Crypts and clay coating of roots, substrate reactions

I had started some Crypts in a small experimental tank about a month or
two ago using a clay/soil/sand substrate enriched with clay balls with
fertilizer prills. On the weekend I was moving these Crypts back into
their original home, the newly redone 50 gal and I noticed something
I had not seen before with Crypts in gravel substrates. Most of the
roots where they had been growing in sand had a "typical" white
appearance. Wherever the root had grow through (or somehow gotten into)
one of the clay balls, there was an uniform coating of clay clinging
around the root of perhaps 1mm thickness. This clay jacket seemed so
consistent it puzzled me and I could only think of one or perhaps two
possible explanations:

My first thought was that perhaps the clay somehow stimulated the root
to send out many small root hairs as if to oxygenate the surrounding
clay or to extract mineral nutrients from it.

A second theory I came up with was that perhaps the root absorbed the
water out of the surrounding clay causing it to form a thicker, drier
layer of clay just around the root.

Has anyone observed this phenomenon with Crypts or have an explanation?

As I was rooting through the mucky clay, soil mixture, I did notice
several gas bubbles escaping. I couldn't detect the characteristic
H2S smell but I surmised that these gas bubbles could either be
gaseous nitrogen or NO2 which I understand is another product of
swamp muck decomposition.

On the subject of substrate anaerobic reactions here is some information
which a few of us interested in substrates have been sharing.

Sikora & Keeny, "Further aspects of soil chemistry under anaerobic 
conditions" 1983 in Mires: swamp, bog, fen and moor. Elsevier, 
Amsterdam, The Netherlands. Table 6.1 (referenced from another

Possible systems operating in flooded environments as related to
redox potential (Takai & Kamura 1966 etc...)

System                 Redox (mV)**2     Micro-organisms involved
O2 disappearance      +500 - +350        aerobes
Nitrate disappearance +350 - +100        }
Mn2+ formation        below +400         } facultative anaerobes
Fe2+ formation        below +400         }
Sulfide formation     0 - -150
Hydrogen, methane form. below -150       obligate anaerobes

Paul Krombholz added some further notes from an older article:
MORTIMER, C.H., 1941-42.  "The exchange of dissolved substances 
between mud and water in lakes."  J. Ecol. 29: 280-329.30: 147-201.

Mortimer made a graph of redox potential versus substrate depth in mud from
an eutrophic lake and also in mud from an oligotrophic lake.  In the first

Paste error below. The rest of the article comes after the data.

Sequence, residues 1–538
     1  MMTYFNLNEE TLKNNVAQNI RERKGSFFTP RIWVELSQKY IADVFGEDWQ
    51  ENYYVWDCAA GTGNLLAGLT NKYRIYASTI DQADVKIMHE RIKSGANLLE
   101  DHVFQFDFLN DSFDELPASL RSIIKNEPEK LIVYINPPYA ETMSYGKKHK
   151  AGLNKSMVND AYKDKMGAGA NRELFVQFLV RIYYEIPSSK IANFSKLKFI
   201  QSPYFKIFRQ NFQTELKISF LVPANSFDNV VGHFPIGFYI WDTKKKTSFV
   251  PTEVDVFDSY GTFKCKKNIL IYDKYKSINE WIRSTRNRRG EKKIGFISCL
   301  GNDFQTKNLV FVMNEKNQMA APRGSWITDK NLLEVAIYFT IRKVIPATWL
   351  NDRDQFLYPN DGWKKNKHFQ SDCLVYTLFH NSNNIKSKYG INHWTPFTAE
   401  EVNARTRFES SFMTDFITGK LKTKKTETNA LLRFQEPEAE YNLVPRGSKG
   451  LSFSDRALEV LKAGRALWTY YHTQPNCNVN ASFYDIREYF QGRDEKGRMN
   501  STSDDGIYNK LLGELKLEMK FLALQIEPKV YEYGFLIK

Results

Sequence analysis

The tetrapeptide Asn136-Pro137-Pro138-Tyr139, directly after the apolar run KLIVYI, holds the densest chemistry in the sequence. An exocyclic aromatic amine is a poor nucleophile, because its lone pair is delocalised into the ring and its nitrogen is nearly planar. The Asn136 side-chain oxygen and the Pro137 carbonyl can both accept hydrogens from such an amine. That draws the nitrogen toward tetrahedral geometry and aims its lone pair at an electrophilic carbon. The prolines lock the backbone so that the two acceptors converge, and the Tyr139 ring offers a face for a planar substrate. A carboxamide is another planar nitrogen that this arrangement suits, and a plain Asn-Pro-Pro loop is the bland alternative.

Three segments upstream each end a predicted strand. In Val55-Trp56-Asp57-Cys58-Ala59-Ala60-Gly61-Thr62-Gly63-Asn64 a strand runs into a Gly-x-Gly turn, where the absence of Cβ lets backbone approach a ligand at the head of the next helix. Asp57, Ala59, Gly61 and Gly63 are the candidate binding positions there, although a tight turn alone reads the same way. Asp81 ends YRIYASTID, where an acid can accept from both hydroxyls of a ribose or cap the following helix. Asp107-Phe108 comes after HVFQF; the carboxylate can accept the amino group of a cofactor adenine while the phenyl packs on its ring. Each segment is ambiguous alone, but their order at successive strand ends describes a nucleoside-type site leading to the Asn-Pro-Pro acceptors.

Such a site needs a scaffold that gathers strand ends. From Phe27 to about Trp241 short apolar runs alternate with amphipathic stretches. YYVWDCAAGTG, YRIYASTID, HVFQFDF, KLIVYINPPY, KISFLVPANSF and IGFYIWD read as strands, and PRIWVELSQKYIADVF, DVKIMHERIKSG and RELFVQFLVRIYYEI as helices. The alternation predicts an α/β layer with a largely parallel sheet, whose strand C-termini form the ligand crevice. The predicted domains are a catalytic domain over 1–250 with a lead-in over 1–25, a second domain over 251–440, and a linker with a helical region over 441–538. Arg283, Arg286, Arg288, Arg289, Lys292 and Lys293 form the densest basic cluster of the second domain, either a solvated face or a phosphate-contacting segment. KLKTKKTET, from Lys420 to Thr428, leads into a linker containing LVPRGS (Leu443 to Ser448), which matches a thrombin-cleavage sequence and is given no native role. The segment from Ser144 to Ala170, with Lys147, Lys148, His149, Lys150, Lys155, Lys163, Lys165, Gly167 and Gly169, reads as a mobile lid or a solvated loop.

2 cm. of the eutrophic mud the redox potential went from 600 mv to about 0
mv.  It reached a negative 100 or so mv. at about 5 cm. and then gradually
increased a little with increasing depth to about 0 again.  The redox
potential in the oligotrophic mud dropped to about 150 mv. at  5 cm. and
then stayed the same thereafter.  He gives ranges for verious reductions of
plant nutrients that differ a little from those you cite above:

NO3-----> NO2        0.45 to 0.40 volt
NO2-----> NH4        0.40 to 0.35 volt
Fe+++ ------> Fe++   0.3 to 0.2 volt
SO4 ------> S        0.1 to 0.06 volt.

Note that the sulfur reduction is to S, not S--.

Dave Huebert added some comments:

"These redox reactions are all biologically mediated. Bacteria use
the oxidized forms of these elements as the terminal electron acceptors in
the generation of energy."

Q. does pH (hydrogen ion concentration) play a role in H2S formation?

"There are such things as Eh/ Ph graphs which relate the redox (Eh)
to the pH. Basically, the more H+ that is present, the higher the Eh at
which a particular reaction takes place."

Could anyone clarify what materials are being used for electrodes in these
experiments? Paul Sears has suggested possibly a platinum electrode in the
substrate and a calomel electrode as a reference in the tank?

The objectives of the discussion about redox center around two goals:

o To stimulate plant growth through fertile substrates without introducing
  nutrients into the water column where they would be more available to
  algae (both macro and mineral micro nutrients)
o To prolong the useful period of fertility of substrates

As we can see from the above, the more fertile a substrate is, the
greater opportunity there is for some undesirable bacterial activities.
Some reactions are desirable, reduction of Fe+++ -> Fe++,
NO3 -> NO2 -> NH4 which is easier for plants to metabolize,
Mn2+ formation.

Since Fe solubalization probably occurs best at 100 - 200 mV it seems
to me that this should best occur in the lowest layer of the substrate
and in a dense layer which tends to inhibit the penetration of root
hairs. This layer should _not_ contain the organic materials which
provide a source of nitrogen since the redox would be too low and 
would cause de-nitrification. Ideally, I think, the organic materials
should lie in an upper layer (just as in nature) where the Eh does
not get too low. We should like to have the Eh close to or above
350 mV although this might be difficult to achieve in a thick layer.
Of course having lots of plants will help by two mechanisms:

o oxygen supplied by the plant roots

o (possibly) by induction of water into the substrate and
  through the vascular system of the plants

One theory to explain why peat seems to work well is that peat is
quite acidic and this acidity inhibits the decomposition process
so that one has a longer, more gradual release of nutrients. Peat is
composed of lignins and cellulose and these are the last materials
to be broken down during decomposition.

Steve P   in Vancouver BC